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Anderson's resignation blamed on lack of support
Tuesday, February 1, 2005
Famed entrepreneur Dave Anderson announced his resignation as head of the Bureau of Indian Affairs on Monday in what tribal leaders said was the latest casualty of the Bush administration's failed trust reform effort.
After just a year on the job, Anderson said in a letter that he was stepping down to return to the private sector. It was there that he rose to prominence as the founder of the "Famous Dave's" chain of barbecue restaurants that created thousands of jobs and generated millions of dollars in revenues.
"I have concluded that I can have the greatest impact to improve the future of Indian Country, not by managing the day-to-day operations of BIA programs, but by focusing my time on developing private sector economic opportunities for Indian entrepreneurs," he wrote on January 27 to Interior Secretary Gale Norton.
In a response also dated January 27, Norton accepted Anderson's decision with "regret" but praised his intent to improve economic opportunities for American Indians and Alaska Natives. "I have received many reports from people who have been encouraged by your message of hope, self-reliance, and belief in the personal worth and dignity of each Native American," she wrote.
Norton made only a slight mention of the trust reform initiatives at the Interior Department that have generated significant controversy during the past four years. Over the objections of tribal leaders, the Bush administration reorganized the BIA and expanded the Office of Special Trustee
in an attempt to fix the long-standing problem, while cutting funds for other Indian programs.
Tribal leaders yesterday said that approach contributed to the resignation of the ninth assistant secretary for Indian affairs. Anderson became frustrated because he was unable to advance his own agenda because trust reform consumed the attention of officials like Norton and her top aides, they argued.
"We all know that the sixth floor of the secretary's office thinks that everything should be on trust -- trust reform, trust reform, the Cobell lawsuit," observed Tex Hall, president of the National Congress of American Indians. "Dave Anderson wanted to develop education, establish leadership academies, he wanted to revamp the entire economic development program at BIA.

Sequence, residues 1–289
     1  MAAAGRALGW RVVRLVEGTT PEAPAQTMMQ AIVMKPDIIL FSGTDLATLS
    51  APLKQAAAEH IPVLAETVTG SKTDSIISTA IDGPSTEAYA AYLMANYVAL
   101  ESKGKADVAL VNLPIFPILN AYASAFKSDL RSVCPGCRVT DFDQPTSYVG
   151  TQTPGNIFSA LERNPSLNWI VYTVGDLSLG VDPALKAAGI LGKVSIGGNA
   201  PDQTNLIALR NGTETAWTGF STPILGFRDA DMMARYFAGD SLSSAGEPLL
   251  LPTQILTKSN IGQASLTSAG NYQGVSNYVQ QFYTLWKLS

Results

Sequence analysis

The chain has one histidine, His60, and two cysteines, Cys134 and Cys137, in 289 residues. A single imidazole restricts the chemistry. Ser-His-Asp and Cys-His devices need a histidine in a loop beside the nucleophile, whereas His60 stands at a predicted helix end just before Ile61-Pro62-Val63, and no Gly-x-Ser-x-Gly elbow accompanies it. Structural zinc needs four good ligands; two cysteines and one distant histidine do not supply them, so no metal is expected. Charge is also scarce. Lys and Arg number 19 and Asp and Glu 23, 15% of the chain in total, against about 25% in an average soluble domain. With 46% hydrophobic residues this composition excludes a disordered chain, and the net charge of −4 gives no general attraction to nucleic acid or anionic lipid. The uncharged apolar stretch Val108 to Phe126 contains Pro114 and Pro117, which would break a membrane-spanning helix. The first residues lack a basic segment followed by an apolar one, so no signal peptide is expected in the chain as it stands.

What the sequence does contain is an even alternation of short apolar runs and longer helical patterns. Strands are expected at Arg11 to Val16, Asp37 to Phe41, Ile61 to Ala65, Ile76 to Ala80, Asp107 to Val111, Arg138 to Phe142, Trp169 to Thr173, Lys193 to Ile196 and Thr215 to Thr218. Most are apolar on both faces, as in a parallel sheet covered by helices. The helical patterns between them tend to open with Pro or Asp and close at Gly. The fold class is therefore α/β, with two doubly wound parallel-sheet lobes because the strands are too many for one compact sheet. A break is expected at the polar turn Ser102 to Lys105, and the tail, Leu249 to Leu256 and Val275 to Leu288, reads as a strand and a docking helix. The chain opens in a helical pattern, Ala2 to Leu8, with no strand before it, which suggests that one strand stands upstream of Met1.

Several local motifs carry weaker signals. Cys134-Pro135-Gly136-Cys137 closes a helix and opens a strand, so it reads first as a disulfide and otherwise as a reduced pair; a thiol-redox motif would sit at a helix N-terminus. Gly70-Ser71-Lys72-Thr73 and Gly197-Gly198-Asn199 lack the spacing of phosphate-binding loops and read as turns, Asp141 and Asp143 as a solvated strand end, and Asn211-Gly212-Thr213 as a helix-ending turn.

He wanted to look at entrepreneurship and develop partnerships with other agencies."
"He was totally on a different page," Hall said.
Ron Allen, the chairman of the Jamestown S'Klallam Tribe of Washington, agreed that the trust issue played a large role in Anderson's decision. "I think he was frustrated that he couldn't do what he wanted to do, that the resources that the bureau had were so dedicated towards
fixing the trust problem, that they didn't really have the resources to address the economic development and education priorities that he had," Allen said.
The lack of support Anderson received was an ongoing issue since he joined the BIA in February 2004. Due to the departure of his predecessor Neal McCaleb, who resigned in December 2002 based on the trust debacle, he inherited a slew of aides who were not necessarily loyal or supportive of his agenda.
Although nearly every single one of those high-level aides either transferred or resigned, Anderson still faced obstacles from Norton's office over staffing and management issues, tribal leaders said. They said Jim Cason, Interior's associate deputy secretary who has been a key player in the trust reform saga, kept a tight rein on the BIA.
"He wasn't forced [to resign]," said a tribal source close to Anderson. "He was mad about not being able to bring in a team and Cason managing his department."
"Let's put it out in the open," added Hall. "There's a lot of people that say Jim Cason was running the BIA behind the scenes."
Cason will indeed be in charge of the agency until a replacement for Anderson can be named and confirmed by the Senate. Cason was named the acting assistant secretary with Mike
Olsen, a former Hill staffer, to remain as the principal assistant secretary. Both are non-Indians.
In a statement, Norton said she will work with the White House and Indian Country to find a new assistant secretary. Tribal leaders yesterday mentioned Tim Martin, the executive director of the United South and Eastern Tribes and a member of the Poarch Creek Band of Indians in
Alabama, as a wise choice.
Anderson, a member of the Lac Courte Oreilles Band of Ojibwe from Wisconsin, plans to depart on February 12. Before leaving, he will sign a memorandum of understanding with the Boys & Girls
Clubs of America to establish clubs at BIA schools. The ceremony takes place today in Phoenix, Arizona.
Next week, Anderson will attend RES 2005, the 19th Annual National Reservation Economic Summit
and American Indian Business Trade Fair, in Las Vegas, Nevada. He is scheduled
to speak on Thursday, February 10.
Famous Daves - http://www.famousdaves.com
Center for Leadership - http://www.lifeskills-center.org
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